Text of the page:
Battle of Perryville

Tobucksy County was a political subdivision of the Choctaw Nation of Indian Territory, prior to Oklahoma becoming a state. It was part of the Moshulatubbee District, or First District, one of three administrative super-regions.

History

The county was also spelled, variously, as Toboxy, Tobuxy and Tobaksi. Its name in Choctaw was Tobaksi Kaunti, for the Choctaw word meaning “coal.” Coal was known to be present in the area at the county's creation and later became its chief industry, in a string of coal mines stretching from McAlester and Perryville eastward.[1]

Settlement was confined mostly to the valleys and lowlands, with farming and mining being the major activities. Tobucky County was defined by the Canadian River, which formed its northern border, the Shawnee Hills in the west, and the San Bois Mountains in the east.[2]

The crossing of the east–west California Road (later becoming the busy Fort Arbuckle-to-Fort Smith military road) with the north–south Texas Road formed a natural point of settlement in Tobucksy County. A town called Perryville was established at this strategic location in 1838, developing into a prosperous trading center and, eventually, the county seat. The two major roads also ensured the county's economic vitality.[3] During the Civil War a depot providing supplies to Confederate Forces in Indian Territory was set up at Perryville. On August 26, 1863, a force of 4,500 Union soldiers crossed the Canadian River and destroyed the Confederate munitions depot at Perryville. This became known as the Battle of Perryville, Indian Territory. Union Major General James G. Blunt, finding the Confederate supplies and realizing that Perryville was a major supply depot for Confederate forces, ordered the town burned. The town was rebuilt but never reached its prewar success.

Following the Civil War the Choctaw Nation signed a surrender treaty with the United States requiring it to allow the construction of railroads through its territory. The Missouri, Kansas and Texas Railroad, popularly known as the Katy, was the first, and opened in the early 1870s. The Katy became important for shipping coal, timber, and other commodities, and spurred the development of additional railroad lines.

Tobucksy County was not one of the original 19 counties created by the General Council of the Choctaw Nation in 1850. It came into being in November 1855, following changes to political boundaries caused by the establishment of the Chickasaw Nation from what had been the Chickasaw District of the Choctaw Nation.[4]

The county served as an election district for members of the National Council, and as a unit of local administration. Constitutional officers, all of whom served for two-year terms and were elected by the voters, included the county judge, sheriff, and a ranger. The judge's duties included oversight of overall county administration. The sheriff collected taxes, monitored unlawful intrusion by intruders (usually white Americans from the United States), and conducted the census. The county ranger advertised and sold strayed livestock.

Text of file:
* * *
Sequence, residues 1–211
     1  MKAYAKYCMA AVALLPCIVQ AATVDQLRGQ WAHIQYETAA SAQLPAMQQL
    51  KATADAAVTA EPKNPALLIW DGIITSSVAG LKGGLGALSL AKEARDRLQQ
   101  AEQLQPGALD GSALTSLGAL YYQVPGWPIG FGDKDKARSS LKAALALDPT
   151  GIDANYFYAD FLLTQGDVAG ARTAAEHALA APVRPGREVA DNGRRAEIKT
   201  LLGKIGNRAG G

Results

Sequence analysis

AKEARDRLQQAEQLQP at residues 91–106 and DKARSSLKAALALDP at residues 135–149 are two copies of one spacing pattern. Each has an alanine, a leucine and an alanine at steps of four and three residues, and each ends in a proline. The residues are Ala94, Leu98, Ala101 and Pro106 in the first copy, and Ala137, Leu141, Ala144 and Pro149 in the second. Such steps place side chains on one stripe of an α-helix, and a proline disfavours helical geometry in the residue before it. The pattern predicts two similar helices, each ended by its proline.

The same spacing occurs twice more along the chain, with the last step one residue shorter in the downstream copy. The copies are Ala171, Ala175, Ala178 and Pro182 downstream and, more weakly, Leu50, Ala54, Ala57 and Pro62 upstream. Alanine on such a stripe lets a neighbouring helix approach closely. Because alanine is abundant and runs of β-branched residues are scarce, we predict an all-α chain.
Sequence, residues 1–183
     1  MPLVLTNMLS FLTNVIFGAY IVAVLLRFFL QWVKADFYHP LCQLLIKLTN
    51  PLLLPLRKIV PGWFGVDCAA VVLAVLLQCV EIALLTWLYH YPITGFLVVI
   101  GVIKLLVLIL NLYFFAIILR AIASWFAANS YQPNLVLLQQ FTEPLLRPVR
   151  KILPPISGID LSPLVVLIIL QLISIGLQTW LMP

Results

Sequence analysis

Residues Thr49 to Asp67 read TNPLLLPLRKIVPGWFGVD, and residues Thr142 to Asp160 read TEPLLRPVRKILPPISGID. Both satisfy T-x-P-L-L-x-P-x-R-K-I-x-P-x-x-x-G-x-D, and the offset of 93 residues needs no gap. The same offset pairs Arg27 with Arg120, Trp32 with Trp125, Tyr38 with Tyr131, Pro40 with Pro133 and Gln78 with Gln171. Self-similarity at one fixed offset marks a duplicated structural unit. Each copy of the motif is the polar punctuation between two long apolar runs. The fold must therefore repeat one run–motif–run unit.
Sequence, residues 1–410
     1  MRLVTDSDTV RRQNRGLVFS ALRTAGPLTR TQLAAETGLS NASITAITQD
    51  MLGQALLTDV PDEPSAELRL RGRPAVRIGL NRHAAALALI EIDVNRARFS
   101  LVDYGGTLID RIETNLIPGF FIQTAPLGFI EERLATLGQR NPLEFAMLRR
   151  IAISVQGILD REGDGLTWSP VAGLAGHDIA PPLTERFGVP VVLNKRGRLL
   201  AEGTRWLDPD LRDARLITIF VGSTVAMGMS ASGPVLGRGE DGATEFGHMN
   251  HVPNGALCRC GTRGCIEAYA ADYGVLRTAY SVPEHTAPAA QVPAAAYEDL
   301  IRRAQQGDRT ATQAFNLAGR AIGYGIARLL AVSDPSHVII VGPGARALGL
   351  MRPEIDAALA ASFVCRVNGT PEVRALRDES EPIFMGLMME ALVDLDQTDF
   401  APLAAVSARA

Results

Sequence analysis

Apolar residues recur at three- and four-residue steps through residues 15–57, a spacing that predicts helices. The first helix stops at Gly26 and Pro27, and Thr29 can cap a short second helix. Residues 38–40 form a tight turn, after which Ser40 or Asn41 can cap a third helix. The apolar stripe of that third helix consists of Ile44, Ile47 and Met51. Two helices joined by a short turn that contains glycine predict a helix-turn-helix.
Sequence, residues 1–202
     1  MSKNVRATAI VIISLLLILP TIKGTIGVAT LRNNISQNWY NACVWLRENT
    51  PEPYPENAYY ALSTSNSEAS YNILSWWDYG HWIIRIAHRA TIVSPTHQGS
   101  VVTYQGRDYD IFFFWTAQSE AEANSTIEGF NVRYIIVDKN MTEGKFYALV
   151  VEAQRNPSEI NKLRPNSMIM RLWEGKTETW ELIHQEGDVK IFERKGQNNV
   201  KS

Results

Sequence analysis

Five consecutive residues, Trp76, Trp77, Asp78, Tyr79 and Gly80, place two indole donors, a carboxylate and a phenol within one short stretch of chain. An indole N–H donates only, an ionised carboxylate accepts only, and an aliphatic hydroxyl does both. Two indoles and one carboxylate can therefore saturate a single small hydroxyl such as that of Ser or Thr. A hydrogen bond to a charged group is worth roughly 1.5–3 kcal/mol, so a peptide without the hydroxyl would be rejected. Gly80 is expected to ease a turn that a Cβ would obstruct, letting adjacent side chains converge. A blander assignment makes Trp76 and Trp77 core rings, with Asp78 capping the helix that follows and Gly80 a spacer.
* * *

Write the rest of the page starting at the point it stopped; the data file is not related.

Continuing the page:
Statehood

As Oklahoma's statehood approached, its leading citizens, who were gathered for the Oklahoma Constitutional Convention, realized in laying out the future state's counties that, while logically designed, the Choctaw Nation's counties could not exist as economically viable political subdivisions. In most the county seat existed generally for holding county court and not as a population center. While this was not true of Tobucksy County, with its bustling commercial towns and profitable coal mines, it would have to be dismantled in order to accommodate changes required by the region at large.[5]

This conundrum was also recognized by the framers of the proposed State of Sequoyah, who met in 1905 to propose statehood for the Indian Territory. The Sequoyah Constitutional Convention also proposed a county structure that abolished the Choctaw counties. Tobucksy County was divided principally into the proposed Cheadle, Eufaula and Tobuxsy counties. Cheadle County would not have included any established towns of any size. The significant towns of Eufaula County would have been Checotah and Eufaula. Those of Tobuxsy County would have been McAlester and South McAlester, which had not been united as one by the federal government yet.

Almost none of this proposition was borrowed two years later by Oklahoma's framers, who adopted a very different county structure for the region. The territory formerly comprising Tobucksy County, Choctaw Nation now falls primarily or exclusively within Pittsburg County. Tobucksy County ceased to exist upon Oklahoma's statehood on November 16, 1907.

References

  1. ^ “Organization of Counties in the Choctaw and Chickasaw Nations,” Chronicles of Oklahoma, Vol. 8, No. 3, September 1930, pp. 331-332.
  2. ^ “Map of the Indian and Oklahoma Territories.” Rand McNally and Company, 1892.
  3. ^ http://www.wbtsinindianterritory.com.istemp.com
  4. ^ Angie Debo, The Rise and Fall of the Choctaw Republic, p. 15; “Organization of Counties in the Choctaw and Chickasaw Nations,” Chronicles of Oklahoma, Vol. 8, No. 3, September 1930, pp. 331-332; Constitution and Laws of the Choctaw Nation (Chahta Tamaha, Joseph P. Folsom, 1869), p. 111.
  5. ^ Amos Maxwell, Sequoyah Constitutional Convention. Meador Publishing Col., 1953.